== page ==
Criminal forfeiture allows law enforcement agencies to seize cash, cars and artwork linked to a crime. It requires a criminal conviction; however, it’s cousin civil asset forfeiture goes directly after property – often vehicles (even if the owner was not the driver) – and requires no conviction.
Consider a Texas Tribune story related to the case of: State of Texas vs. One 2003 Chevrolet Silverado. The owner loaned her truck to her son to drive his pregnant girlfriend to the hospital. Police stopped him while driving the Silverado, found drugs and charged him with a controlled substance offense. Her vehicle was seized.
Burden of proof to get property returned
It took the woman seven weeks to get the Harris County District Attorney’s Office to release the vehicle and agree to resolve the suit. To cost to get her vehicle back: $1,600 plus towing and storage fees.
Civil asset forfeiture cases are separate from the underlying criminal case. The property itself becomes the defendant and the owner has the burden to prove the property “innocent.” Fail to challenge the seizure and your property automatically goes to the state.
Some of the property is worth less than the attorney fees to fight a case, so these become forest-for-the-trees cases. Each may be small, but added together the funds (total asset forfeiture in Texas was $50 million in 2017) offset declining law enforcement budgets and buy fancy treadmills for staff gyms.
While the topic has come up in several recent legislative sessions, it is unlikely to change with powerful lobbying interests backing the status quo.
Limits recently addressed by the U.S. Supreme Court
The issue is not isolated to Texas. A case that started with the civil forfeiture of a $42,000 Land Rover in Indiana made its way to the U.S. Supreme Court. The criminal conviction for selling heroin resulted in a sentence of one-year house arrest, five years or probation and fines and fees of $1,200. The maximum penalty was $10,000. The seizure of the Land Rover amounted to four times the maximum penalty available for the criminal conviction.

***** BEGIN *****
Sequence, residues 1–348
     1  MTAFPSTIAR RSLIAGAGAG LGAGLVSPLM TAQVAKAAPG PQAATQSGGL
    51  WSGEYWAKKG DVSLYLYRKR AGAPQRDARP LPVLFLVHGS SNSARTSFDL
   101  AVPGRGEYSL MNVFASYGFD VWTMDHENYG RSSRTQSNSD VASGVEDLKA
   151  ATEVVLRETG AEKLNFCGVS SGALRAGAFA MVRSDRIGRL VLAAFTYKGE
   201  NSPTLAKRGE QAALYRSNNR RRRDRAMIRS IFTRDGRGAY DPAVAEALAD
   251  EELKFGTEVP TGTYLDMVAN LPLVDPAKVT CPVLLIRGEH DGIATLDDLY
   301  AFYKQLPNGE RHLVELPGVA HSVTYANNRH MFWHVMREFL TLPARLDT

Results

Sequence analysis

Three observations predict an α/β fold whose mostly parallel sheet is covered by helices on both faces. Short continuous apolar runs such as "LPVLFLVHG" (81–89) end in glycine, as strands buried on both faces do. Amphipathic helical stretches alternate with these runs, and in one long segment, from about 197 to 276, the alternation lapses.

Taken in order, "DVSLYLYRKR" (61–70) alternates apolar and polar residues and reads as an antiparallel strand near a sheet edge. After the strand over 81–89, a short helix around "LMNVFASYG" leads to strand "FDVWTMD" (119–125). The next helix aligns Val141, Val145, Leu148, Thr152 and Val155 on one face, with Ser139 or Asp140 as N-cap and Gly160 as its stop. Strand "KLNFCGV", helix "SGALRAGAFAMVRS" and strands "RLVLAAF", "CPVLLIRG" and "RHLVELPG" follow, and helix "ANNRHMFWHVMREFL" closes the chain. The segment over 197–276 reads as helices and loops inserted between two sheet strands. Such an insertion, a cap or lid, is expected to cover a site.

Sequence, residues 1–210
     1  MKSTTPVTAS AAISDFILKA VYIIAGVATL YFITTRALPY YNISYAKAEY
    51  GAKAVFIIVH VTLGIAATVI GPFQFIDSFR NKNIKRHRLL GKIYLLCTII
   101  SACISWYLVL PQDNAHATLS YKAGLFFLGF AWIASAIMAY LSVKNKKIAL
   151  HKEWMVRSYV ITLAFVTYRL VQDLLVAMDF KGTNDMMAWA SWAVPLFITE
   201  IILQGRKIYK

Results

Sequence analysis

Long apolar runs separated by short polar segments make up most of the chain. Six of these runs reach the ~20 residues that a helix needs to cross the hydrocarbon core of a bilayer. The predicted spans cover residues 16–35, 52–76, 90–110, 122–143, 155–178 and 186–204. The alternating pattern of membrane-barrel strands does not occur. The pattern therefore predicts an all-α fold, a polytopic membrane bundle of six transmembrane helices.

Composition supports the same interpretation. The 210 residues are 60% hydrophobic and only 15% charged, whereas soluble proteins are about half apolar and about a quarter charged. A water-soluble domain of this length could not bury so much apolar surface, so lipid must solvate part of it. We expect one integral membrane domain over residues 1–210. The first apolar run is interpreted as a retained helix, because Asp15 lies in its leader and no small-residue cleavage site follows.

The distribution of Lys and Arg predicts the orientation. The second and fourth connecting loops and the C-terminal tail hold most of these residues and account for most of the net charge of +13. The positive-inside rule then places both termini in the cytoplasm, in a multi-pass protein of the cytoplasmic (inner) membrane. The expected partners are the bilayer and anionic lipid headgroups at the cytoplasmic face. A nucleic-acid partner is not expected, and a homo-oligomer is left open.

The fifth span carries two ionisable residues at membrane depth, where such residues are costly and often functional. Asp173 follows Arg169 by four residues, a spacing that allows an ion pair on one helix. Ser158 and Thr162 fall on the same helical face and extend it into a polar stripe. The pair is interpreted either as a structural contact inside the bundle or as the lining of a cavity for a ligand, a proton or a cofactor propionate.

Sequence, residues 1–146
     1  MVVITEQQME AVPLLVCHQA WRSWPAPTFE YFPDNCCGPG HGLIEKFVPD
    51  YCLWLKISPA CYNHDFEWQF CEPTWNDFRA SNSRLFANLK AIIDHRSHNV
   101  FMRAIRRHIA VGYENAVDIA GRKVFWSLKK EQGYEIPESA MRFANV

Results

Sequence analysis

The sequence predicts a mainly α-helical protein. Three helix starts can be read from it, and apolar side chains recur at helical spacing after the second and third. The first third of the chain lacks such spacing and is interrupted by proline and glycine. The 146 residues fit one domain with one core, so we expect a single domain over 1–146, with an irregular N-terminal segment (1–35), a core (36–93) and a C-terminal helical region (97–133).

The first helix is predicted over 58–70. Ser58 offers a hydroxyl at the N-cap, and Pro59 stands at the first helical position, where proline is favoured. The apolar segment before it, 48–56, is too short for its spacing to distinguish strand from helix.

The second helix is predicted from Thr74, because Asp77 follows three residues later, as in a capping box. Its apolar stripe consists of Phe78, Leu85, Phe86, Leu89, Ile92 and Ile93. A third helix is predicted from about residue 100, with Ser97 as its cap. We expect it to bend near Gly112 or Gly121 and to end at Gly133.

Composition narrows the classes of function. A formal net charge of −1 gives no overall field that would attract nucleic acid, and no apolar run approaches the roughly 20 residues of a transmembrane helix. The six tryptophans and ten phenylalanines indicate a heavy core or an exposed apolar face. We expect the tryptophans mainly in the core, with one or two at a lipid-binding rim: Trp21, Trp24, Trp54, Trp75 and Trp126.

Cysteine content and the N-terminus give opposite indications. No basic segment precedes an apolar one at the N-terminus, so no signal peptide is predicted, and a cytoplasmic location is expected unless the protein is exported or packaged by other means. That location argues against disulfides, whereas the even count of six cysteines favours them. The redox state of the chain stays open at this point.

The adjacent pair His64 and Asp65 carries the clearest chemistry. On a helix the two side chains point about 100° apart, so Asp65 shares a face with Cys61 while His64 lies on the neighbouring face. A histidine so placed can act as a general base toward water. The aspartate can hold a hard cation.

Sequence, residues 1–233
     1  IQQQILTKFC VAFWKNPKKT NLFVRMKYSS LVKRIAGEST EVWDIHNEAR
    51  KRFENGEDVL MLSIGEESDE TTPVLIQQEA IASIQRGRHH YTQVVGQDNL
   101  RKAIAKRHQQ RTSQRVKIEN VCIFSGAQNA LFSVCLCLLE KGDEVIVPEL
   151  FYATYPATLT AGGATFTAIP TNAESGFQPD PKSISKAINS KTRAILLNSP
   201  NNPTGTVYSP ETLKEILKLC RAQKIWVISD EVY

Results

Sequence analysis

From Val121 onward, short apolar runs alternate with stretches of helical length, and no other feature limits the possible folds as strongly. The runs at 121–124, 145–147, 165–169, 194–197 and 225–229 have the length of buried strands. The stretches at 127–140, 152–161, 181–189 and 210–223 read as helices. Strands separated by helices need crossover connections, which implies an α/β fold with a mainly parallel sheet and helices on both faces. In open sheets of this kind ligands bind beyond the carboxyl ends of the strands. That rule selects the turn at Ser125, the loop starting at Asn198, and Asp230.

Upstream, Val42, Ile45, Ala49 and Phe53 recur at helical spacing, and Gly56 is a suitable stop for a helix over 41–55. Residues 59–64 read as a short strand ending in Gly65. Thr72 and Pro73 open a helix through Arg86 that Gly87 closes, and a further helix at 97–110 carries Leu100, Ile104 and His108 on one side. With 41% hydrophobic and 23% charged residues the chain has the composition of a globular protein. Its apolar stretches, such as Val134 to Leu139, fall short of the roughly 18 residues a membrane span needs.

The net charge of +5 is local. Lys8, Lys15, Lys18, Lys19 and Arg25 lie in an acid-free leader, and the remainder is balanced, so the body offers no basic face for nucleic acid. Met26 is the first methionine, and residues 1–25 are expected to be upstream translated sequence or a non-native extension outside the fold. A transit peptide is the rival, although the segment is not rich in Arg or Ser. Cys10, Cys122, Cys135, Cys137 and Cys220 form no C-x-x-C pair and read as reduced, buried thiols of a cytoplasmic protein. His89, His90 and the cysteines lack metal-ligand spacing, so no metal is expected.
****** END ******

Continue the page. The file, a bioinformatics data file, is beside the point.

The issue was whether the forfeiture violated the Eighth Amendment which prohibits “excessive fines.” It had also been unclear whether the clause applied to states.
Justice Ruth Bader Ginsburg writing for the majority held that the clause does apply to the states. In her ruling, she cited examples from history where absorbent fines had been used to stop unfavorable political speech and maintain prewar racial hierarchy.
The factual question of whether the seizure of the Land Rover was excessive was left for the state court to resolve.
All this goes to the point that if you or a loved one has been arrested and a vehicle or other property was seized, you need an experienced criminal defense attorney. Because of the wide-ranging collateral consequences, you need sound legal counsel and a tough trial attorney in your corner to fight back.